Hello Gorgeous!

Firstly thank you for being here. I hope you’ll find something of value here.

I’m Dr M, a Chartered Clinical Psychologist, Psychology Professor, author & media contributor based in London, UK. In my day job, I teach postgrad students how to do therapy & how to test if therapy works. I have a small trauma informed private practice. Read more about my training & qualifications here.

I created @thepsychologistandme on social media because I couldn’t believe how much mental health misinformation was on the internet. Luckily, I have training in psychology & mental health therapy, so I can safely differentiate the engagement-based tactics from the good material. But without that training, how would a person looking for mental health help be able to recognize that a post with hundreds or thousands of likes, by a person with over a hundred thousand followers, is utter BS? Social perception is very powerful, isn’t it?

The problem is that there are far more accounts with questionable mental health information and big followings than accounts run by real, trained, qualified (can I throw in morally responsible) mental health experts. I felt it was time to change that ratio.

I’m now on a mission to help break barriers in mental health treatment by improving accessibility & affordability.

Here’s my story…

In 2010, my sister (who led comms/social media for a Fortune 500) told me about Instagram & blogging and how I should get on board. She said it was a chance to share helpful perspectives and make my professional expertise accessible to the public. I scoffed.

Big sigh. Clearly, I was short sighted, however, at the time, I struggled to see where pastel mental health lecture slides would stand a chance next to celebrity selfies and couples diving into 5* hotel pools full of rose petals. 

I also didn’t believe that people would trust random people on the internet with deeply personal issues, like their mental health. But I’ve since learned that people actually do. And for good reasons. Therapy is expensive. People seeking therapy are often stigmatized. It’s hard to find good help or know where to look for mental health help. 

The most worrying thing is that there are social media influencers and celebrity coaches, who don’t have any professional mental health training, who have happily jumped off their sofas to fill this gap by offering online mental health help.

And this is an issue because good, honest, hard working people may believe that:

 a) a post featuring a product/service w tons of likes/comments is a good product/service;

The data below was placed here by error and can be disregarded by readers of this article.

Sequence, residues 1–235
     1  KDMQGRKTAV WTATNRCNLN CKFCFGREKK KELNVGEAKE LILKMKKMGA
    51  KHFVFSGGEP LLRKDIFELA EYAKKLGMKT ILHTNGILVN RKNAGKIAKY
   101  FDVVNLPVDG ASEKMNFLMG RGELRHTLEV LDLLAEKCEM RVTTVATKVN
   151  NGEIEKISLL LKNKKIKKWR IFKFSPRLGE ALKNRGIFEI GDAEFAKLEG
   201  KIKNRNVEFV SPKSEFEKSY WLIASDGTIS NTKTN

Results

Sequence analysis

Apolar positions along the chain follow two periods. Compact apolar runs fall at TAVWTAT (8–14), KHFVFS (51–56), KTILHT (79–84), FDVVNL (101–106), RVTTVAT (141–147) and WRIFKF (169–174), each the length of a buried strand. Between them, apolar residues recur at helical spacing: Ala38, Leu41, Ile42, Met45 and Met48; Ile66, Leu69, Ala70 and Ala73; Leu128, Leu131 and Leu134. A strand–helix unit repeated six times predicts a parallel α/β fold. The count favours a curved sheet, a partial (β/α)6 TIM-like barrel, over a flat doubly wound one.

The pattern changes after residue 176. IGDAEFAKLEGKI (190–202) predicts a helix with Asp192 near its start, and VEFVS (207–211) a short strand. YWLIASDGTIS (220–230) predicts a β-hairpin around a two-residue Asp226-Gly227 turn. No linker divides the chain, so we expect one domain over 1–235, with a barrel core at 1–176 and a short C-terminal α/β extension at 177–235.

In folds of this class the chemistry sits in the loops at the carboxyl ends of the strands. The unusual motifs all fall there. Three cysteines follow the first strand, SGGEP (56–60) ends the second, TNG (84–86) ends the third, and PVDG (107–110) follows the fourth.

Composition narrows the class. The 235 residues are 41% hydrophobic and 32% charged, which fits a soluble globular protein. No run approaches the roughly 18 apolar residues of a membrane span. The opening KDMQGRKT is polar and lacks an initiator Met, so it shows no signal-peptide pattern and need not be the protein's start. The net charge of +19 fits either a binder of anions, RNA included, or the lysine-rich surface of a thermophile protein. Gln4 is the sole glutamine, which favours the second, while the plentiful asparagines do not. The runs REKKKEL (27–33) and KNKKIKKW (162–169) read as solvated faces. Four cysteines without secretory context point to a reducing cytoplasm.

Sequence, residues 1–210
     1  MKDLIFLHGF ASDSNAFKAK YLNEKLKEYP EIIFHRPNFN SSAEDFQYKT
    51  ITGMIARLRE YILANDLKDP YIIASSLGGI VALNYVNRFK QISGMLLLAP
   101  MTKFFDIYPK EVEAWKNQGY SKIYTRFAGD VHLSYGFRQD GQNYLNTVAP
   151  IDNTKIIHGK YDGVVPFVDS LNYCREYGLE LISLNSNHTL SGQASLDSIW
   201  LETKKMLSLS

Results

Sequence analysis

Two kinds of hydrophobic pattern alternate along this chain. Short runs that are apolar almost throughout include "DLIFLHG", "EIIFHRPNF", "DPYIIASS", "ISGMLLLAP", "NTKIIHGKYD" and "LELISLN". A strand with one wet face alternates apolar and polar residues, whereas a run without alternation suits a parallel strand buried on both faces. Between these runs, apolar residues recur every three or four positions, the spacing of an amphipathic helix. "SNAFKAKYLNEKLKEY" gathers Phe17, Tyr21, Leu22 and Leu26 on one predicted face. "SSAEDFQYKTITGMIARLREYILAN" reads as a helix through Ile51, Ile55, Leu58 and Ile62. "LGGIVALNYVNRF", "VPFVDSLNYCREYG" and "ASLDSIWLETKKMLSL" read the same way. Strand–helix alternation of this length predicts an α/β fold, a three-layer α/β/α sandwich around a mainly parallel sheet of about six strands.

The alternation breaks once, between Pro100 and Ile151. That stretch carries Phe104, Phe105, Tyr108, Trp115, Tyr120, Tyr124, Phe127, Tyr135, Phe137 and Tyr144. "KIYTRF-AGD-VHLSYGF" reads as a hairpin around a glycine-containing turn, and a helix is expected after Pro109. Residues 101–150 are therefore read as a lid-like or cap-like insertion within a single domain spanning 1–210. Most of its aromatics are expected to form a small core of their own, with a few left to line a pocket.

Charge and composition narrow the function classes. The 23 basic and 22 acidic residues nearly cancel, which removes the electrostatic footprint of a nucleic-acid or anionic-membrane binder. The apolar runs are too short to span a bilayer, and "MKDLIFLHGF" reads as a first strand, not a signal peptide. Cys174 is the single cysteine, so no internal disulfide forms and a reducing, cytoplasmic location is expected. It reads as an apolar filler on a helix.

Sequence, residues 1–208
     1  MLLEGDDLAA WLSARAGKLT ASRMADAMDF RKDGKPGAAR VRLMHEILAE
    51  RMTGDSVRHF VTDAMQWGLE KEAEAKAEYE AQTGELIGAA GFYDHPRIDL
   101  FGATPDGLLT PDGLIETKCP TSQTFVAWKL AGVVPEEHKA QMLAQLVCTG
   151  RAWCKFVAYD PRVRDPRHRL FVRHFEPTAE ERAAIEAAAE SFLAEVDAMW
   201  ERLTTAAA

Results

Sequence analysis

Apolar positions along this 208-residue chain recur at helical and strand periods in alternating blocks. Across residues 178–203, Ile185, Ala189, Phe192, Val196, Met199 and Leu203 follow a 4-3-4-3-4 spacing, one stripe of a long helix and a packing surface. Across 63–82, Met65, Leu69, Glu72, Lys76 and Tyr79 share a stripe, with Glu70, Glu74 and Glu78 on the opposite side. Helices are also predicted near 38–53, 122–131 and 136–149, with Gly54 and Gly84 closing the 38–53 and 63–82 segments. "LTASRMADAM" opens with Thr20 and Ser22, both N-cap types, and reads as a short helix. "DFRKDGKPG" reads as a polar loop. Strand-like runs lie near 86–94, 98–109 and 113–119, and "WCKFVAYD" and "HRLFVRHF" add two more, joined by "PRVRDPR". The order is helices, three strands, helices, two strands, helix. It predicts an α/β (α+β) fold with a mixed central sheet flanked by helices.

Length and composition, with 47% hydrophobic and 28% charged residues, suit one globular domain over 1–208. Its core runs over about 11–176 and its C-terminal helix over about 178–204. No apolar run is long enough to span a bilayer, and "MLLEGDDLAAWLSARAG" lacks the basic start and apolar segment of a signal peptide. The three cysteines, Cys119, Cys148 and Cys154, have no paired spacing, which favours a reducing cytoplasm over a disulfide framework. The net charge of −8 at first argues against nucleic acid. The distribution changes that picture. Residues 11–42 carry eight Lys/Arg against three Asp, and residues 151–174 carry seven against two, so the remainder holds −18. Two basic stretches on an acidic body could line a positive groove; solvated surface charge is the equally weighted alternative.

b) someone with lots of followers & a blue tick is confirmed authority figure;

 c) someone who is called ‘Dr’ or has x psychology degree or exclusively lived experience is equivalent to a qualified therapist (this is not a take down on lived experience because  that perspective is relevant & important to mental health recovery); or, 

d) whatever therapy-like product being sold has been tested and works, which is why it’s appearing to be popular. 

Ok fine if it’s a £3.99 cellulite cream. But when it’s expensive mental health ‘products’ mimicking therapy sold by people I’m going to politely call ‘people’ AND often for more money than actual therapy from a trained professional. We all need to worry.

So while I understand the temptation to reach out for what may appear to be help, it is a problem because it tricks people into paying for ‘healing’ when potentially no real healing occurs. Revolving doors of ‘unhealed’ clients + loyalty = regular profit.

But because their services aren’t actually mental health therapy, they don’t come under regulatory governance by any accrediting professional body. People with no professional qualifications are not regulated or obligated to have any knowledge or awareness of professional or ethical standards. It’s a buyer beware market. It forces the public to find out by themselves if the title and profession are legit. And it’s really hard to tell whether job titles like mental health coach or mindset mentor or therapist or Doctor via a PhD in economics combined with a bachelors in counseling is sufficient to offer real mental health help (btw none of these are).

Fast forward to the pandemic. Everyone I know is struggling with their mental health and providers who I’m going to call ‘trained mental health professionals’ are at capacity…wait lists are extremely long. So the temptation to reach out to ‘people’ to purchase ‘cellulite cream-like mental health products’ skyrockets. Not to mention people now use social media like a phone book- if you’re not on there, you don’t exist.

So there I was in 2020, like everyone, stuck in a house full of children 24/7, zoom meetings, tons of anxiety and grief and nowhere to go. I decided to share some mental health tidbits, hoping that someone may benefit out there and that’s a good thing. No labels. No diagnoses. No stigma. Not driven by profit or the desire to become an influencer but an alternative to all of that. A trustworthy resource.

That page has turned into a lovely community that inspires me to find new ways to destigmatize mental health and make REAL mental health education affordable and accessible. So here I am, trying my best to build something useful, to do some good in the world so more people can live happier and satisfying lives.

Take care of yourself,

Dr M

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